The various distinctions and differences between a duke, lord, sir, earl, baron, baronet, and prince were drawn long ago, but still hold true today.
Here they are in order from top to bottom:
Baron is the lowest rank of the upper classes, having earned this title by faithful duty to the king or feudal lord, usually in the form of military service.
A baronet is the highest-ranking class that can be bestowed upon a mere commoner like you or me. This title is also usually earned through faithful service to rulers.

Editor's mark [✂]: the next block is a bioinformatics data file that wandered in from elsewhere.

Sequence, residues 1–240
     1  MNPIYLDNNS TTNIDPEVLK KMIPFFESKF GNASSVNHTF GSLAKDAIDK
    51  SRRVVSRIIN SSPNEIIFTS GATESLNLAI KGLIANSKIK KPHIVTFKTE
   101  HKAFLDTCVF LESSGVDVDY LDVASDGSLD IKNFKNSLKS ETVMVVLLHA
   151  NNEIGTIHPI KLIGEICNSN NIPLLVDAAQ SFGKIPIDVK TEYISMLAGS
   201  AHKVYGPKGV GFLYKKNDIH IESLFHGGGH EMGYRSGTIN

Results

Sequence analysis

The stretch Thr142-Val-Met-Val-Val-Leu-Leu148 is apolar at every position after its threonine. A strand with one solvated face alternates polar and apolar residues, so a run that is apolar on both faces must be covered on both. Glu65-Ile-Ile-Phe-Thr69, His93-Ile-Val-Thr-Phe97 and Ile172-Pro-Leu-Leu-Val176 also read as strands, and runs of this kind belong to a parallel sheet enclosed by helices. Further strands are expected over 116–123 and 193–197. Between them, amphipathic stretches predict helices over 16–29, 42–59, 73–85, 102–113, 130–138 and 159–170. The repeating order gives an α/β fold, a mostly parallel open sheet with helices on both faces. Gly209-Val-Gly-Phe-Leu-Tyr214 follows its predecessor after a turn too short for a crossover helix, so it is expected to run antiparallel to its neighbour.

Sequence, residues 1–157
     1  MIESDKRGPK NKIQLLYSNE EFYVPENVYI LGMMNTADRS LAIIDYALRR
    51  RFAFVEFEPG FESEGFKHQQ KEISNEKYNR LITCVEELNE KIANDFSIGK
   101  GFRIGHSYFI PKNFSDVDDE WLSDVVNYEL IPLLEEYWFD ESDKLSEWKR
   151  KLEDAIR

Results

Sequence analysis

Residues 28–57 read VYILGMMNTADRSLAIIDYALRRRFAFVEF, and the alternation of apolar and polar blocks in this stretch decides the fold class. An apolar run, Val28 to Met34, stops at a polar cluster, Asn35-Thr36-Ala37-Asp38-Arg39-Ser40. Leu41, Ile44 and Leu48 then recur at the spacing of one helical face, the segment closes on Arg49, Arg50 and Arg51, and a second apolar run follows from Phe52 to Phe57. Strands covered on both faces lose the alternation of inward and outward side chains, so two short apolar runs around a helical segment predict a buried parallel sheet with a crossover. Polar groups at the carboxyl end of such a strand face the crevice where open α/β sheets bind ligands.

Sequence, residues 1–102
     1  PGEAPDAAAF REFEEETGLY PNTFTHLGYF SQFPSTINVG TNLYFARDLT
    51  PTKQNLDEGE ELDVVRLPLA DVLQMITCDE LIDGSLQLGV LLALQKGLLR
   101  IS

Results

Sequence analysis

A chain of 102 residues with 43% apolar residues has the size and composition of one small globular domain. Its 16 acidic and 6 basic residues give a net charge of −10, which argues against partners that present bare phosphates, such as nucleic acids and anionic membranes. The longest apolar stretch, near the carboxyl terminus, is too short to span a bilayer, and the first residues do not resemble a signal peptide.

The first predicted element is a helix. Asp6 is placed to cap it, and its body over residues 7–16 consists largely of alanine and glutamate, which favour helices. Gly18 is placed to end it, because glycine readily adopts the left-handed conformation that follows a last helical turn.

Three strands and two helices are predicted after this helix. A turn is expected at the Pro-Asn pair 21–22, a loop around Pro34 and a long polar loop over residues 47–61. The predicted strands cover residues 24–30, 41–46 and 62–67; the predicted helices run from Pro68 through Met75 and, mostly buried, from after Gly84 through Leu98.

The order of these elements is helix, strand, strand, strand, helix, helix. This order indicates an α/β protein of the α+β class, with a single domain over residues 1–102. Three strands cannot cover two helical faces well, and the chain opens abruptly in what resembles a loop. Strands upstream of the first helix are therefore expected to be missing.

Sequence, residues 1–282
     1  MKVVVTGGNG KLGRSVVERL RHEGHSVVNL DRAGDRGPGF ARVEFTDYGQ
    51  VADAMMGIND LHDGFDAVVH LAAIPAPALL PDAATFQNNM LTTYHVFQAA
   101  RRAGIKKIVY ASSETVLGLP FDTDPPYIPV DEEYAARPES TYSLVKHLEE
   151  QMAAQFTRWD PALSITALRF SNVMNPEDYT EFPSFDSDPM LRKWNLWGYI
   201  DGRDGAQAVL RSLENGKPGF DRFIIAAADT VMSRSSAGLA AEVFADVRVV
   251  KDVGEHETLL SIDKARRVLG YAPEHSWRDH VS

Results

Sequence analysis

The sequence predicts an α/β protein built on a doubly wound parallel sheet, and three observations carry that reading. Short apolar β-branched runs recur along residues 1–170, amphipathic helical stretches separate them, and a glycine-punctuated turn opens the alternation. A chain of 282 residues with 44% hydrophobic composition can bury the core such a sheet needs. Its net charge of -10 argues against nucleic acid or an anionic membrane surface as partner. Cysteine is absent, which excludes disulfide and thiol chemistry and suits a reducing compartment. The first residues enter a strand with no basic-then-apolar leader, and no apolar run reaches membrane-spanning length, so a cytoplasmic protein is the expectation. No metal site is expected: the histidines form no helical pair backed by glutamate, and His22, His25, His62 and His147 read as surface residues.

A lord, generally, is any of the above who get a title and property by hereditary right or by being born into the right family. “Sir” is simply the title used when addressing a knight or a baronet.
Often, some hereditary titleholders will hold other titles as well.
For instance, the eldest son of the king or queen of England, aside from being a prince, is also automatically the Duke of Cornwall, no questions asked.